Last week I wrote a blog about why marketers fail to reach bicultural Hispanics, and I thought it would make sense to follow up with a blog that focused on bilingual Hispanics. More often than not, biculturalism goes hand in hand with bilingualism.
I was raised in a home where Spanish was spoken to my parents and English was spoken (flawlessly) among all five siblings. Rarely would we speak Spanish to each other, unless of course we purposefully didn’t want someone to understand what we were saying.
I learned Spanish through exchanges with my parents and older, first-generation immigrant family and friends. And I learned English through my older siblings, television and schooling. To this day, I am not completely biliterate, I can read Spanish, but am uncomfortable writing it (the accent marks alone have always been a challenge).
Most of us educated U.S. born (2.0-generation) Hispanics are also pretty compulsive about using English correctly when we speak and write the language. I think it may be because our parents didn’t dominate the language. And, in some way, by our commanding the language we compensated for their lack of mastery and, more importantly, felt a deeper sense of belonging to this country – wholeheartedly, and without reservation.
I, along with most of my 2.0 generation Hispanic brethren, speak English primarily, BUT pepper my English with Spanish words or phrases when speaking to another bilingual Hispanic. Some call this Spanglish. It comes very organically and advertisers should take note.
I am extremely important to marketers, because I was a Sherpa at an early age: interpreting the American ethos for my Spanish-language dominant family; and, translating the language for them as well. I’ve informed brand decisions and purchase evaluations from a very early age, and continue to do so today.
The ROI marketers seek is multiplied when they communicate to me in a manner that affectively connects with me. Not just culturally, but linguistically as well. I am more likely to co-brand the information for my sphere of influence and to share said information about a brand or service offering that is relevant to my network of friends and family.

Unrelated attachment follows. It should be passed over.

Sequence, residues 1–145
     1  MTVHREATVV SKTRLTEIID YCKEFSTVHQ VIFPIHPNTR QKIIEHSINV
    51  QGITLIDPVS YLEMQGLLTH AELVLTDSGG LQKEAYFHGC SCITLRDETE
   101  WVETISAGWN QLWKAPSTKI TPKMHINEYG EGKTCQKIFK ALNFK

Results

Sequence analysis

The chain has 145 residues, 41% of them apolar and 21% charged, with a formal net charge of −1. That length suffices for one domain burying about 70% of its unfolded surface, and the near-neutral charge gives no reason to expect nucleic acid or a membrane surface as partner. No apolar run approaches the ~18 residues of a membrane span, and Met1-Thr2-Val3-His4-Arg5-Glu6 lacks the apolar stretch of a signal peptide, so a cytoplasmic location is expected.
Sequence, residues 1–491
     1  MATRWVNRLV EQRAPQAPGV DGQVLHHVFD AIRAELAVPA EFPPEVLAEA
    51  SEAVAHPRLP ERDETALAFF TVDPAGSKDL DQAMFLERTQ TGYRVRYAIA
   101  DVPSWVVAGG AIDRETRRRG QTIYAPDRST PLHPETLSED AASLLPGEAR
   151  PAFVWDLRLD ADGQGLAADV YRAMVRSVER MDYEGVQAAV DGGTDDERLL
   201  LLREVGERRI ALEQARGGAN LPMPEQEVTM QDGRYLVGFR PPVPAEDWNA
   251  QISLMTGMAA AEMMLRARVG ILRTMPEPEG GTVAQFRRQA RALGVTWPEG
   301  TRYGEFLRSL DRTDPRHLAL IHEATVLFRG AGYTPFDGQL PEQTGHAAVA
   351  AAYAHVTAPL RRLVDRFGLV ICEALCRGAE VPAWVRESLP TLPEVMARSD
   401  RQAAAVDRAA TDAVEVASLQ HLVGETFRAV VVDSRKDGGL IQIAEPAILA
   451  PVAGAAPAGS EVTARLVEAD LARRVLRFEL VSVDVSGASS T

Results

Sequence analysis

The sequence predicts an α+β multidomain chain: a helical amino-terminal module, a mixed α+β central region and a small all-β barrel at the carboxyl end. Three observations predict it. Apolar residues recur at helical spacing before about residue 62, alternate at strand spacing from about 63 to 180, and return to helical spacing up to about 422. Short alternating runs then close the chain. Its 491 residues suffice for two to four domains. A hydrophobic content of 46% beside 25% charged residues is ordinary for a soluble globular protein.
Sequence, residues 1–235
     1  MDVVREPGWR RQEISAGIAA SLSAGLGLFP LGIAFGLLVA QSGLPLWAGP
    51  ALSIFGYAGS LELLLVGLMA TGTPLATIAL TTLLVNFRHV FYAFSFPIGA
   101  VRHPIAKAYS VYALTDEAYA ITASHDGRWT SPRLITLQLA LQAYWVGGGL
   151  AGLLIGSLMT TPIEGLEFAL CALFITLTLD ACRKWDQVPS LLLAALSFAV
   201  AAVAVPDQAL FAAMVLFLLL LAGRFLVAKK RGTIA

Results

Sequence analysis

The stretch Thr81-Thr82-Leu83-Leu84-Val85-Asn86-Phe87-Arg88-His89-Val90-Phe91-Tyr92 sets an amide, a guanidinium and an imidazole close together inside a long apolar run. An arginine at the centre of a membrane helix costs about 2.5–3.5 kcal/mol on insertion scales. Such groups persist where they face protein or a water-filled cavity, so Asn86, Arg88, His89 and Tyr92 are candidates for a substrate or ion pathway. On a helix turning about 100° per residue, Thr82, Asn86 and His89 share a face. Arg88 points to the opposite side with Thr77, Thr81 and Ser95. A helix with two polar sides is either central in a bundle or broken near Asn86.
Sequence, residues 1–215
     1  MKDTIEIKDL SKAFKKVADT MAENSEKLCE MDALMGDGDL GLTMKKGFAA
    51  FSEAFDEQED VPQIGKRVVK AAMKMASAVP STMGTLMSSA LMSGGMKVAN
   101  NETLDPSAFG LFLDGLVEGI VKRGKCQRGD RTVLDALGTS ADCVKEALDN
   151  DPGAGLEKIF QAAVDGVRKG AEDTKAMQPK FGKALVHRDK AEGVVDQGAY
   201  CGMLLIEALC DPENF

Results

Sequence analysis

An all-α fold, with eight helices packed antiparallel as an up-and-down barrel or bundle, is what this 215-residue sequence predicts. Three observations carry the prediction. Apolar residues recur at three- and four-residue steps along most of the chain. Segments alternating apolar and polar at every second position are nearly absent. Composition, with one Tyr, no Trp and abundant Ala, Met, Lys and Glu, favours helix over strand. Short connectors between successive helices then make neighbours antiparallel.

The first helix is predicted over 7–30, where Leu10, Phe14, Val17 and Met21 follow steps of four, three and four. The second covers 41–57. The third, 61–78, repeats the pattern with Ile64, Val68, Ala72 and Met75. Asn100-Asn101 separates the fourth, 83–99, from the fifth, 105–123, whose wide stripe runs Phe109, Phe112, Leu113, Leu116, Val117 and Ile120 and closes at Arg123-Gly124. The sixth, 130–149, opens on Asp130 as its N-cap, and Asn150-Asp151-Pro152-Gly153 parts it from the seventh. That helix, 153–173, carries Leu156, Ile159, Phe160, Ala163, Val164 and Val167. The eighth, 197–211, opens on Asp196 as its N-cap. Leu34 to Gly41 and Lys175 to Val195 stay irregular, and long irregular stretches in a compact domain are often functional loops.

And recent research indicates that my network is more likely to respond to my message and take action on my recommendation. So brands that want to drive a greater ROI, need to engage me emotionally because I will drive word of mouth or advocacy.
How does a brand do that?
Take the liberty of communicating with me in the same manner that I speak to other bilingual/bicultural Hispanics; primarily in English but ‘wink’ at me in Spanish. Acknowledge that I am not the mainstream (yet), and invite me to engage with your brand.
Have culturally relevant messaging, but if that’s not possible, at a minimum speak to me in English while acknowledging that I am bilingual. My home life while growing up was fully bilingual, as an adult, I still engage with older relatives in Spanish, and I’ve accepted my duality; brands need to do so as well. Reflect it in your advertising. At the end of the day, you are validating me. Saying that I matter and you are inviting me to be part of your brand and your brand’s family in an authentic fashion.
Still not sure how that works?
In my previous post I shared a tagline:
‘Help me help myself’, which wasn’t bicultural.
To reach me in a culturally relevant way, I recommend that it be changed to:
‘Help me help my family and myself.’
And to reach me linguistically as well, it should be changed to:
‘Help me help mi familia and myself.’
There is an art to this. Words that have emotional resonance should be used. Action words should be used. And more importantly, don’t use too much Spanish because remember: I’m not completely biliterate.